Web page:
Illustrated Fleet lists of Steamship Companies of the China Coast, and the Pearl and Yangtze Rivers
Copyright from 1973 by the authors
Howard W. Dick and Stephen A. Kentwell
Hsu Chih-chien of Eddie Steamship Co. Ltd. has kindly advised details of the early time in China of the HSIANG LEE that became San Peh's TUNG SHAN and then HOPING 9, and also provided further information about his grandfather's ships and C.S. Koo ships in the "Little Yangtse" list (March 2020).
An update has been undertaken of the Shun Cheong list in the South China Section and a short history of this operator has been added by Howard. The list includes many new illustrations including from the collections of Bill Schell and, in colour, Karsten Petersen and we are most grateful that these gentlemen are allowing us to publish them. To complement the Shun Cheong list, a short history has been added to the Marty and D'Abbadie list in the Overseas Section and an illustrated list of ships of the Wo Fat Sing company has been added to the South China section (February 2020).
An illustrated list of Mollers Towages Ltd. has been added to the Shanghai section (January 2020). Also to the Shanghai section a major illustrated list with history of the HOPING and ZHANDOU series ships, the backbone of China"s coastal fleet in the 1950s and 1960s has been added, with valuable contributions by Bill Schell and Peter Cundall (updated February 2020). Further in the Shanghai section, significant updates have been made to the Chung Hsing and Dah Loh lists (February & January 2020). In the North China section the Dalian Bureau passenger ships list has been updated (January 2020) and a short history of the shipowning activites of the Chinese Mining & Engineering Company and an illustrated fleet list have been added (December 2019).
Yukihiko Miyata has kindly provided the authors a copy of his detailed illustrated list of ships captured by Japan in WWII which has allowed us to include new illustrations of ELBHOF (ex CHUSAN, Little Yangtse list), COMMANDANTE PAOLINI (formerly YI Li, Little Yangtse list), AN LEE (Ching Kee list), SLAV (later DAH LOH, Dah Loh list) and KENSEI MARU (ex HINSANG, Jardine list). The publication and further photographs will assist in the preparing of new lists which is underway. (20/1/20)
Richard N.J. Wright has kindly provided additional information to the entries for PEI LEE (Pei ships list) and KWANG LEE (Ching Kee S.N. Co. list). He has also drawn attention a mistake in the date of the 2nd Fengtien war in the entry for SHAWHSING (Shawhsing S.S. Co. list) which has been corrected to 1924. (19/1/20)
Through the good offices of Malcolm Cranfield of the World Ship Society, Dr. George Wilson, former surgeon of the Denbighshire,has generously provided rare photographs of the MIN CHU (ex KUT-WO, Jardine list, later DONG FANG HONG 1, DFH list first part), ARGUS (Madrigal list), HOPING 2 and HOPING 50 (HOPING/ZHANDOU list).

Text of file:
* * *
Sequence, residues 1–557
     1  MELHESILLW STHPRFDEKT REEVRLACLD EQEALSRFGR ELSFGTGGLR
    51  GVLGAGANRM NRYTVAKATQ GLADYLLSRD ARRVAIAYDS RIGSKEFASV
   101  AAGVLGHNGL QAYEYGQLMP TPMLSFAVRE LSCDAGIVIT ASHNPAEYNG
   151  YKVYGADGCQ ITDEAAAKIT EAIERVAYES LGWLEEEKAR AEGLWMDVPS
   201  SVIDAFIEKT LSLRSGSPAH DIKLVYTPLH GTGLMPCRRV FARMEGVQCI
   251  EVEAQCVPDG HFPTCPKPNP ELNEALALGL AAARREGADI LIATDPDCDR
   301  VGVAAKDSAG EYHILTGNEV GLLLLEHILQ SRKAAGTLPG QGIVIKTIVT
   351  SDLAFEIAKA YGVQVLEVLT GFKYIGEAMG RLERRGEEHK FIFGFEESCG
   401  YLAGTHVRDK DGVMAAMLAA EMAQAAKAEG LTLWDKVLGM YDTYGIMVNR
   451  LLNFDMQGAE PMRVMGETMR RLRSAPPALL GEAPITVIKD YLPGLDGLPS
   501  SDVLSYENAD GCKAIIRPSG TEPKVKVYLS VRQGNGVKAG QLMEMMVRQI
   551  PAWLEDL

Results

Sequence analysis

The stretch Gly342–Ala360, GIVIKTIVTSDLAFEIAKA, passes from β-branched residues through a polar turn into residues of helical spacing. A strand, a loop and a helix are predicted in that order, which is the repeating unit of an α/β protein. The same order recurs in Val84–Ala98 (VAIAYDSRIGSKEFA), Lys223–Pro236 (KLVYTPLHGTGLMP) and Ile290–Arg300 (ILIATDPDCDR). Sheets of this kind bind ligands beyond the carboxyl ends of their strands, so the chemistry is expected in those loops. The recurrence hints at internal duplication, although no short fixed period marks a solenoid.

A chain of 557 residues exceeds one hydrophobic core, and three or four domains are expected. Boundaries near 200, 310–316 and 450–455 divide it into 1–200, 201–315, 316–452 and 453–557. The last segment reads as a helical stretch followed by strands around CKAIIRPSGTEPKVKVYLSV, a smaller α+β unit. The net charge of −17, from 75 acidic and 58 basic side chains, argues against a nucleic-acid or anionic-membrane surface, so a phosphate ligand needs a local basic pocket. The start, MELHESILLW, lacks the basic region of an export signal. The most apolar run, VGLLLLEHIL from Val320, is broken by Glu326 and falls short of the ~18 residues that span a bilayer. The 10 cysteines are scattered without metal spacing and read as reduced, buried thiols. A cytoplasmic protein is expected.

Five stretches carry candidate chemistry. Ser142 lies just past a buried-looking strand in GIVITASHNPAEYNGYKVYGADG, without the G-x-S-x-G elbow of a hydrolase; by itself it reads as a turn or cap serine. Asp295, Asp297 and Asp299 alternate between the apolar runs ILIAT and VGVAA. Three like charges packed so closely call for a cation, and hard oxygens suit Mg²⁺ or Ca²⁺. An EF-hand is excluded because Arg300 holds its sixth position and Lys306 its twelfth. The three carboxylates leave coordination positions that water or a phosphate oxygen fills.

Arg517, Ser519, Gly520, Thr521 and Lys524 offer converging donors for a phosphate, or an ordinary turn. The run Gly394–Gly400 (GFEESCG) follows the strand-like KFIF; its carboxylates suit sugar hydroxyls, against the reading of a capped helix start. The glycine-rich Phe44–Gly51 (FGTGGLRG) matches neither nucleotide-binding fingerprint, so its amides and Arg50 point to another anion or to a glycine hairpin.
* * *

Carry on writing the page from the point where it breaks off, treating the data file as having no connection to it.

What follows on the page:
Note: The main content of this site is accessed by clicking on the PDF files introduced below. Here is a sample PDF.
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From the coming of the age of steamships the China Coast saw an active building up of shipping fleets, both by major foreign-flag companies which were able to dominate services to the "Treaty Ports" and by Chinese shipping interests. The Chinese companies were severely disadvantaged in political and economic terms but could draw together local capital and support, an outstanding ability to maintain ships and a persistence to override the various obstacles.
This site presents the major shipping fleets of both categories, which then faced the severe political and other difficulties of the 1930s and 1940s. Many of the Chinese companies went on to survive in some form, often under other flags, in second half of the 20th century. We also present some of the fleets of the early years of the People's Republic of China. Both passenger carrying vessels and cargo ships are featured.
We would very much welcome comments, photographs, publishable material or other new information to add to this site which will be updated periodically. All messages will be acknowledged. These may be sent to the webmaster at <>.
As a rule the contemporary Wade-Giles transliteration of Chinese names is used for pre-1958 ship and personal names, as that is how names were reported in the press of the era, and how ship names were officially registered and actually painted on the ships themselves. The Chinese characters painted on ships sides were read from right to left until 1946, when the writing mode changed to from left to right.